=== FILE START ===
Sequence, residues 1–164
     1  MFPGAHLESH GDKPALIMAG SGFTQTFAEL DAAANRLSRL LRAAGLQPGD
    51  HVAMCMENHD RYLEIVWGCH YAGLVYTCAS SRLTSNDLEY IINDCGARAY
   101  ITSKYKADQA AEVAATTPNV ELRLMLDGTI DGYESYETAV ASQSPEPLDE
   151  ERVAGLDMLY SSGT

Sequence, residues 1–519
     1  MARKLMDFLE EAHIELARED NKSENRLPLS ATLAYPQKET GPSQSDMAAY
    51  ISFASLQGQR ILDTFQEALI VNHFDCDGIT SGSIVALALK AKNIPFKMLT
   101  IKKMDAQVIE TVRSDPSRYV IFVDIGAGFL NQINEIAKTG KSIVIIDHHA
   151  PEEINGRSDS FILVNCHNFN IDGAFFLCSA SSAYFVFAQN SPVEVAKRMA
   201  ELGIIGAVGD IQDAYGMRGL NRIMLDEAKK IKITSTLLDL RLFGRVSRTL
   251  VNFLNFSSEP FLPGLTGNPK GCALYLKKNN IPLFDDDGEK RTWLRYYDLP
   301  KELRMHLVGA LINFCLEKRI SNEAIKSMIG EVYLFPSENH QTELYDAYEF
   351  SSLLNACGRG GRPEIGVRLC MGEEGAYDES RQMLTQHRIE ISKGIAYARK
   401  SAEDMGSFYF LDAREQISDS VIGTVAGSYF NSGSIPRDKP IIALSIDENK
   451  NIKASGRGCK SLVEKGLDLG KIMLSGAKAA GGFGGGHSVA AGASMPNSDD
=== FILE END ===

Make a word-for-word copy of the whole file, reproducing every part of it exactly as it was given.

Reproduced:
Sequence, residues 1–164
     1  MFPGAHLESH GDKPALIMAG SGFTQTFAEL DAAANRLSRL LRAAGLQPGD
    51  HVAMCMENHD RYLEIVWGCH YAGLVYTCAS SRLTSNDLEY IINDCGARAY
   101  ITSKYKADQA AEVAATTPNV ELRLMLDGTI DGYESYETAV ASQSPEPLDE
   151  ERVAGLDMLY SSGT

Sequence, residues 1–519
     1  MARKLMDFLE EAHIELARED NKSENRLPLS ATLAYPQKET GPSQSDMAAY
    51  ISFASLQGQR ILDTFQEALI VNHFDCDGIT SGSIVALALK AKNIPFKMLT
   101  IKKMDAQVIE TVRSDPSRYV IFVDIGAGFL NQINEIAKTG KSIVIIDHHA
   151  PEEINGRSDS FILVNCHNFN IDGAFFLCSA SSAYFVFAQN SPVEVAKRMA
   201  ELGIIGAVGD IQDAYGMRGL NRIMLDEAKK IKITSTLLDL RLFGRVSRTL
   251  VNFLNFSSEP FLPGLTGNPK GCALYLKKNN IPLFDDDGEK RTWLRYYDLP
   301  KELRMHLVGA LINFCLEKRI SNEAIKSMIG EVYLFPSENH QTELYDAYEF
   351  SSLLNACGRG GRPEIGVRLC MGEEGAYDES RQMLTQHRIE ISKGIAYARK
   401  SAEDMGSFYF LDAREQISDS VIGTVAGSYF NSGSIPRDKP IIALSIDENK
   451  NIKASGRGCK SLVEKGLDLG KIMLSGAKAA GGFGGGHSVA AGASMPNSDD